An international group of scientists looked at a single city in the Urals to establish the effects of the drinking in Russia. Izhevsk was chosen for being a typical industrial city where life is much the same as elsewhere and where death rates match the Russian average.
. . . . . .

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Hazardous alcohol drinking and
premature mortality in
Russia: a population based case-control study

The Lancet 2007; 369:2001-2009 16 June 2007

The reason for the low life expectancy in Russian men and large fluctuations in mortality are unknown. We investigated the contribution of alcohol, and hazardous drinking in particular, to male mortality in a typical Russian city.

751 (51%) cases were classed as problem drinkers or drank non-beverage alcohol, compared with 192 (13%) controls. The mortality odds ratio (OR) for these men, compared with those who either abstained or were non-problematic beverage drinkers, was 6·0 (95% CI 5·0–7·3) after adjustment for smoking and education. The mortality ORs for drinking non-beverage alcohol in the past year (yes vs no) was 9·2 (7·2–11·7) after adjustment for age. Adjustment for volume of ethanol consumed from beverages lowered the OR to 8·3 (6·5–10·7), and further adjustment for education and smoking reduced it to 7·0 (5·5–9·0).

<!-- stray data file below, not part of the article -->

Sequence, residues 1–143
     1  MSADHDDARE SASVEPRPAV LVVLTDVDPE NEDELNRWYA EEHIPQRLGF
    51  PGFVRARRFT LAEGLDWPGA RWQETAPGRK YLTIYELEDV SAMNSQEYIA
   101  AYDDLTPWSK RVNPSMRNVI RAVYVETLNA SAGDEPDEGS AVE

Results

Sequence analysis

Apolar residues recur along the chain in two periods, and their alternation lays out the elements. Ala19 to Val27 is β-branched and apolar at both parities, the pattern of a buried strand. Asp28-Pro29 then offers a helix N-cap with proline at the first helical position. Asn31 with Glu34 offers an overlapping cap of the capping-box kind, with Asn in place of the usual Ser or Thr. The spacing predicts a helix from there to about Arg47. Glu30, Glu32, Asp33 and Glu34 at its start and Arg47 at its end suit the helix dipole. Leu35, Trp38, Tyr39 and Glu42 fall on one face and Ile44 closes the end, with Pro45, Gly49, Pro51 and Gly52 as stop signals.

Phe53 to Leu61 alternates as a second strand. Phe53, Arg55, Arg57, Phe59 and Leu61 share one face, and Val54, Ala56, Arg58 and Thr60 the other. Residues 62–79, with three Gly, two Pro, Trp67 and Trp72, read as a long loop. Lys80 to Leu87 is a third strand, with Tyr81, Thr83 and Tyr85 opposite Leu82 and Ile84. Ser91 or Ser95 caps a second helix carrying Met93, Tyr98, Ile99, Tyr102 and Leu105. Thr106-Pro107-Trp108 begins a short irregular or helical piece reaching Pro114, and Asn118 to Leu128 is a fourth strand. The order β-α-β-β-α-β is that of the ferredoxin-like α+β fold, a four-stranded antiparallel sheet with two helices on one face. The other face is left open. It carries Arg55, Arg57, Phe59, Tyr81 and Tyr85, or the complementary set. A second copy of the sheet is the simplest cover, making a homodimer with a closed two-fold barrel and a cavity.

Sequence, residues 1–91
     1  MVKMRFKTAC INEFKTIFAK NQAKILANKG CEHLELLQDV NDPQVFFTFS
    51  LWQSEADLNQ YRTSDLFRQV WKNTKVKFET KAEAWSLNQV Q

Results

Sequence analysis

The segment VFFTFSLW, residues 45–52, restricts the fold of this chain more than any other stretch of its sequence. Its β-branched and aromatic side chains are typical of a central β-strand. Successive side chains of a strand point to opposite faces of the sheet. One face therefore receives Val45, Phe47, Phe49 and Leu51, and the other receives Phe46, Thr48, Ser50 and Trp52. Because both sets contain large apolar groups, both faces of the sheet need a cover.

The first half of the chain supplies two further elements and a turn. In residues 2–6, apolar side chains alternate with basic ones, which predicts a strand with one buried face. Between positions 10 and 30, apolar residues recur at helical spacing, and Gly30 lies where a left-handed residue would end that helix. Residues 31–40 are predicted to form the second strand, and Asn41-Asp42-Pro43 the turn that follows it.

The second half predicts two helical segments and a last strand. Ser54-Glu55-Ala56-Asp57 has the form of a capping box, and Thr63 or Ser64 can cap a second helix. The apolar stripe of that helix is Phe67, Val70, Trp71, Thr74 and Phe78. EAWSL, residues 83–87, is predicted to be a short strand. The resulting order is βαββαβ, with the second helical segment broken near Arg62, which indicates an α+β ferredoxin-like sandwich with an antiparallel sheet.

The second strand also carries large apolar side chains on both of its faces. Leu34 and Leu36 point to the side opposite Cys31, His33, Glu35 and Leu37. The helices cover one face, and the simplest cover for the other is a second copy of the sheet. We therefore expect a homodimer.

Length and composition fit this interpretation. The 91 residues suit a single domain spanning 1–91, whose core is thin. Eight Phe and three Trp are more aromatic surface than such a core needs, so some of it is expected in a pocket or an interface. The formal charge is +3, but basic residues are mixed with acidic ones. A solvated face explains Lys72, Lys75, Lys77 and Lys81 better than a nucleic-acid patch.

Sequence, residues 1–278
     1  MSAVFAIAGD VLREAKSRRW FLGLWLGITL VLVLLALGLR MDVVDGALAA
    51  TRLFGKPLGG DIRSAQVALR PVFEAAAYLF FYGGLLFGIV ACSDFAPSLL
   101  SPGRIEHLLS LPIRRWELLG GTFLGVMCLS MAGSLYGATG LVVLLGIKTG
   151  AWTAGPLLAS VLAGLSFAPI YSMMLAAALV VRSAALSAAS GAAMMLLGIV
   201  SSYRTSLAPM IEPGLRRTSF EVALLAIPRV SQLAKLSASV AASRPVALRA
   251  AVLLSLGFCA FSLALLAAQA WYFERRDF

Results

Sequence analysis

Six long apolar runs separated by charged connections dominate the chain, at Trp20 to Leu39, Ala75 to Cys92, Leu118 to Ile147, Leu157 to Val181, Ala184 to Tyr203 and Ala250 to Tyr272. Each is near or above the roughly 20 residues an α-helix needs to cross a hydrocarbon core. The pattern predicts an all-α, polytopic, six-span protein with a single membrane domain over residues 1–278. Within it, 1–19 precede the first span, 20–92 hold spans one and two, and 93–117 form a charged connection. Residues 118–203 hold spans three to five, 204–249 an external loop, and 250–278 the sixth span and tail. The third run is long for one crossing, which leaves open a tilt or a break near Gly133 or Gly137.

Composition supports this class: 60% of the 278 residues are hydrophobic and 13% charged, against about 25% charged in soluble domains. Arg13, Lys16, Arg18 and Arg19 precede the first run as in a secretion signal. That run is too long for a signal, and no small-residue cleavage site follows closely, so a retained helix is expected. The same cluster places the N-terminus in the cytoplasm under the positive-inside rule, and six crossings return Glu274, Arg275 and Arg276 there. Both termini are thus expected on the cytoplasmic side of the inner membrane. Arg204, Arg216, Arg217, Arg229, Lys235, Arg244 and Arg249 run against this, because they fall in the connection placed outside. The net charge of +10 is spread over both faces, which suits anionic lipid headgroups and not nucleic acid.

A strong direct gradient with mortality was seen for frequency of non-beverage alcohol drinking independent of volume of beverage ethanol consumed. 43% of mortality was attributable to hazardous drinking (problem drinking or non-beverage alcohol consumption, or both) adjusted for smoking and education.

Almost half of all deaths in working age men in a typical Russian city may be accounted for by hazardous drinking. Our analyses provide indirect support for the contention that the sharp fluctuations seen in Russian mortality in the early 1990s could be related to hazardous drinking as indicated by consumption of non-beverage alcohol.

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Tracking binge drinking among U.S. childbearing-age women
Preventive Medicine Volume 44, Issue 4, April 2007, Pages 298-302

The purpose of this analysis was to track the estimated prevalence of binge drinking for the years 2001–2003 among U.S. women of childbearing age in order to inform ongoing efforts to prevent alcohol-exposed pregnancies.

The estimated binge drinking prevalence among childbearing-age women 18–44 years for the years 2001, 2002, and 2003 was 11.9%, 12.4%, and 13.0%, respectively. The estimated number of childbearing-age women who engaged in binge drinking rose from 6.2 million in 2001 to 7.1 million in 2003, an increase of 0.9 million.

The results of this analysis provide support for enhancing efforts among healthcare providers to identify and intervene with childbearing-age women who engage in alcohol use that can increase their risks for various health problems, including an alcohol-exposed pregnancy.